For graduate students at the University of Hawaii Manoa, being able to live and study in a place as expensive as the Aloha State often depends on family support, loans and tuition waivers in exchange for teaching or research on a stipend.
But in the wake of a federal tax plan recently passed by House Republicans — which will be reconciled with a Senate Republican version passed early Saturday in Washington — the already precarious financial situation faced by many graduate students could take a turn for the worse.
Of 4,700 UH graduate students, about a quarter, or 1,247 students, receive what’s known as a “tuition tax waiver” under the current U.S. tax code. Their waived tuition is not taxable, only the stipend they draw as teaching or research assistants.
Under the proposed House GOP tax plan, students’ waived tuition also would be taxed, significantly increasing their tax exposure. Yearly tuition for an out-of-state UH graduate student is $36,768. Average pay for an 11-month graduate or research assistant is $22,944. Rather than being taxed at $22,944, the student would be taxed at $59,712, a 160 percent increase, according to numbers provided by Krystyna S. Aune, UH’s dean of graduate education.
Those 1,247 UH graduate students currently receiving a tuition tax waiver would see their tax liability increase by $1,000 to $3,000. Considering the length of many of their degree programs, this could force a premature exit from their studies, some told Civil Beat.
What’s more, 60 percent of UH waiver recipients are non-residents, meaning they face even greater tax burdens due to their higher tuition.
“When it was first revealed in the House version, it honestly came as a total gut shock,” said Tom Iwanicki, a second-year UH zoology PhD student. “You go through thinking tax cuts, you don’t really expect an administration to go after economic drivers like grad students, particularly those of us in sciences.”
“It sent quite a chilling effect through the department,” Iwanicki said.
Nationally, about 145,000 graduate students could be affected. The provision is among several in the GOP tax plan seen as unfavorable to higher education, including ending a student loan interest deduction, taxing investment earnings by endowments at certain private institutions and disincentivizing charitable giving.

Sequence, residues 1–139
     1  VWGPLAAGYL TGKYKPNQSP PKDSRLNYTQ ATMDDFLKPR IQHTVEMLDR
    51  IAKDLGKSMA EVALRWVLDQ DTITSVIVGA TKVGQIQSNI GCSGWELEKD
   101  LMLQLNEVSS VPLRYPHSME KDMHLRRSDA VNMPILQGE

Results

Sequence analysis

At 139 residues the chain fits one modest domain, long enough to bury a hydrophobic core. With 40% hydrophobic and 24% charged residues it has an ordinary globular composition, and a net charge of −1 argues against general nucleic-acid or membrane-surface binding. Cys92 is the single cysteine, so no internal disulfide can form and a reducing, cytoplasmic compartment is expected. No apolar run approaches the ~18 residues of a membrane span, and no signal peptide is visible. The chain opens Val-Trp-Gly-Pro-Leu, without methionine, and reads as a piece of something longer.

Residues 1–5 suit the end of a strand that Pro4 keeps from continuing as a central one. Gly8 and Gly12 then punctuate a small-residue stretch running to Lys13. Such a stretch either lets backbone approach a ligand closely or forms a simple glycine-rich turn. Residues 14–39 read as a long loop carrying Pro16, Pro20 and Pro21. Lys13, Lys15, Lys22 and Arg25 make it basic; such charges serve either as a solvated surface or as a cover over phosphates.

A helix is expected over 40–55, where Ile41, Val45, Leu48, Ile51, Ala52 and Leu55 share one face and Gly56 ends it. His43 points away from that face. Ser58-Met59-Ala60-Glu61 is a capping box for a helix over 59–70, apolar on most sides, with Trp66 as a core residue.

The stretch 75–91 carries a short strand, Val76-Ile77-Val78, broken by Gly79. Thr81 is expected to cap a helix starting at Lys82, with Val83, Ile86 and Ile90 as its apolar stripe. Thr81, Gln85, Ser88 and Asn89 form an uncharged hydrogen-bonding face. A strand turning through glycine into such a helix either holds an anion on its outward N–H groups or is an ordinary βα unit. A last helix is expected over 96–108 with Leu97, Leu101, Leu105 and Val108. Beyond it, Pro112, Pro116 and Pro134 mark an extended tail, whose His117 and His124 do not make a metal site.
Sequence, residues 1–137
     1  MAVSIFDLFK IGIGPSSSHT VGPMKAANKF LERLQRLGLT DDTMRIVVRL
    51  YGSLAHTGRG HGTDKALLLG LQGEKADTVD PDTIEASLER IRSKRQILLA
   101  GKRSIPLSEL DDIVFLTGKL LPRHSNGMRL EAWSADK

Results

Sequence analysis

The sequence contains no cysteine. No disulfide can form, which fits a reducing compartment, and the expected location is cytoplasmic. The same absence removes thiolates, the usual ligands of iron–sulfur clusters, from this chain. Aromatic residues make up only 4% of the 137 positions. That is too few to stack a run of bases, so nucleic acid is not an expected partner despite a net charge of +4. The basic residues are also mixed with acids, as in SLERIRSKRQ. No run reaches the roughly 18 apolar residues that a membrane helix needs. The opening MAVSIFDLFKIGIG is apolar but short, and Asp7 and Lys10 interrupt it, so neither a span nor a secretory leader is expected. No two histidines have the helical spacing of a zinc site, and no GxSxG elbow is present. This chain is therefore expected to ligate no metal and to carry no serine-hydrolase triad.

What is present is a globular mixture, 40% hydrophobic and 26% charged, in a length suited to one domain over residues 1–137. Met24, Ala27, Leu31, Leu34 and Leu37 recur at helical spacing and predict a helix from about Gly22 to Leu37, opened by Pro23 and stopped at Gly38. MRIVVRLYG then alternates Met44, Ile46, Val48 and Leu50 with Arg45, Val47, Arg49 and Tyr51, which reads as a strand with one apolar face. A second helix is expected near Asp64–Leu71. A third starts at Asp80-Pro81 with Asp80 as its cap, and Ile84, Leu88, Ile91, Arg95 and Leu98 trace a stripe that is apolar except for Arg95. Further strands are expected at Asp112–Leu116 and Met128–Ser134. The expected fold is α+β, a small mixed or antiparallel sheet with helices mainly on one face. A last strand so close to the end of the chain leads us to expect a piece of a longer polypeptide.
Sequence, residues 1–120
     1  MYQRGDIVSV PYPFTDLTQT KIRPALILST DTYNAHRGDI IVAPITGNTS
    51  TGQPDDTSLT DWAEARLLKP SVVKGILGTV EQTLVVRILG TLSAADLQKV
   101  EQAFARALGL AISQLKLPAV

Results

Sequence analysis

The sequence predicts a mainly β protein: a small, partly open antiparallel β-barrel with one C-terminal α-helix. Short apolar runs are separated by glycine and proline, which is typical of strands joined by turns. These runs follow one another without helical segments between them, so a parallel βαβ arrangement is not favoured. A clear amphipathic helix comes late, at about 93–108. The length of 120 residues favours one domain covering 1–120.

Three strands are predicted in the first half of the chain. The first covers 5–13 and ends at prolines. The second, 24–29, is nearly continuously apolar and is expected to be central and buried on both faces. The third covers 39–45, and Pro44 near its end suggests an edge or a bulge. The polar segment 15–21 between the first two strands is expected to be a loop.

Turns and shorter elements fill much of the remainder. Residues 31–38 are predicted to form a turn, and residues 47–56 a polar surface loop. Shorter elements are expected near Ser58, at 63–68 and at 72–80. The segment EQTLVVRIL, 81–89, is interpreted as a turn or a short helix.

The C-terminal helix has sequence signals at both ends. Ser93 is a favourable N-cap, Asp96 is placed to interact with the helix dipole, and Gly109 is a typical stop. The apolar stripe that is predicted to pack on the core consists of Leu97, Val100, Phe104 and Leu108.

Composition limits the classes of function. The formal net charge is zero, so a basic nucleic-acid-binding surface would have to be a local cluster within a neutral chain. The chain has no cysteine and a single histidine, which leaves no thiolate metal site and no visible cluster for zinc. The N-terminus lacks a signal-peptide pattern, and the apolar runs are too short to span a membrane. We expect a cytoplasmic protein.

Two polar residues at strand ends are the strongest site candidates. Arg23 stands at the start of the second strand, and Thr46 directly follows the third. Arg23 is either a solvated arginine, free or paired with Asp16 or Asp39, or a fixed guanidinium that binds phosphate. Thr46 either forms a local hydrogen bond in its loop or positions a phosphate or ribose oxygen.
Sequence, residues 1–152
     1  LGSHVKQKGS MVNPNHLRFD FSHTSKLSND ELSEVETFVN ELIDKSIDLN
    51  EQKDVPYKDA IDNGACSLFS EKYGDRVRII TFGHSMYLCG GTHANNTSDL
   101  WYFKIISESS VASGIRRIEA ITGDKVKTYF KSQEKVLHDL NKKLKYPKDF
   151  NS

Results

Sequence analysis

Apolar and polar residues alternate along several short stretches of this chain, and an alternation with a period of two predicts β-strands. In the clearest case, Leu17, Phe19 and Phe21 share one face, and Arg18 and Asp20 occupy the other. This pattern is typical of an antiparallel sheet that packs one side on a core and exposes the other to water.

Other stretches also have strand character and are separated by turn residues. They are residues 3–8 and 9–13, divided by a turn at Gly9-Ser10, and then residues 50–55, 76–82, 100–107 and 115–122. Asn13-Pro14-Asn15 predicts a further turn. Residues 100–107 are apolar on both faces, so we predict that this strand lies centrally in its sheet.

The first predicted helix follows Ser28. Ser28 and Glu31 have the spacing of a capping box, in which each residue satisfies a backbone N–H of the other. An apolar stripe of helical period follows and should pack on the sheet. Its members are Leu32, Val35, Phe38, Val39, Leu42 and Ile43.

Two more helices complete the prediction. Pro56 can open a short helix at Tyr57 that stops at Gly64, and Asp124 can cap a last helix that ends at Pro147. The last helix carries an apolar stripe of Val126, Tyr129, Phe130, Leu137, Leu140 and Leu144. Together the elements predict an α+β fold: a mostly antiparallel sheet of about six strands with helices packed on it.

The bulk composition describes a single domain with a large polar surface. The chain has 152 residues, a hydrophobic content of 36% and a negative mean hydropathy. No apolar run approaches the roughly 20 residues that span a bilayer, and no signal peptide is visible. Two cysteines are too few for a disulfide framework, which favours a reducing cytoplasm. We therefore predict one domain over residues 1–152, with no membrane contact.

“The whole tax bill is an affront to higher education.” — Tom Iwanicki, UH graduate student
While the Senate tax overhaul bill — passed by a 51-49 vote — does not include the provision repealing the tuition tax waiver, it could still make its way into a final tax bill that would go to President Donald Trump for his signature.
The prospect of that sends shudders through UH’s grad school community.
The mood among colleagues is “very pessimistic” and “very scared,” said second-year master’s student Taylor Lewis, president of UH Manoa’s Graduate Student Organization.
“It’s very demoralizing for those interested and passionate about learning and education to see it be punished at a national level,” she said. “Especially in Hawaii, where a lot of non-traditional students come back to school and want to (pursue) education to make greater change.”
Lewis, whose research covers Hawaiian language immersion programs in local schools, said if the House GOP tax plan becomes law, she would have serious doubts about continuing on to a PhD program. The Maryland native, whose out-of-state UH tuition is $37,000, earns a $17,500 stipend.
Her taxable income would rise to more than $50,000 under the GOP tax proposal.
“Having that tax liability for at least four, possibly seven, years is just not feasible for me on a graduate assistant income,” she said.
Iwanicki said his taxable income would rise to more than $45,000 in his current situation, making his tax liability increase by about $3,000.
The Canadian citizen said he would seriously consider moving back to Canada with his wife or pursuing the rest of his education in Europe if it came to that.
“Especially in Hawaii, where we’re already severely strained, the average grad student is one tragedy away from insolvency,” he said. “We’re living paycheck to paycheck and we’re providing essential services to the university.”
The ripple effect of the tuition tax waiver repeal could be devastating to higher learning and its benefits on American competitiveness overall, wrote a Harvard–MIT Program of Health Sciences and Technology PhD student in a recent New York Times op-ed column.
At UH Manoa, which already faces declining graduate student enrollment, the number could drop further. Students forced to abandon graduate studies will lead to a higher ed “brain drain,” and undergraduate classes taught by many of these graduate assistants could similarly suffer, said Iwanicki.
It could also lead to lowered productivity among UH grad students who “will have to work harder off campus just to make ends meet on campus,” he said.
“The whole tax bill is an affront to higher education,” he said.
In an email to graduate students sent Friday, UH President David Lassner said he had met “face-to-face” with all four members of Hawaii’s congressional delegation and expressed his concern about the tax plan.
He encouraged UH students to “reach out directly and immediately” to their own congressional representatives.
“Sharing your own personal stories of impact will be most effective,” Lassner said.
“A lot of people are just anxiously waiting to see what happens,” said UH Manoa master’s student Timothy Zhu.
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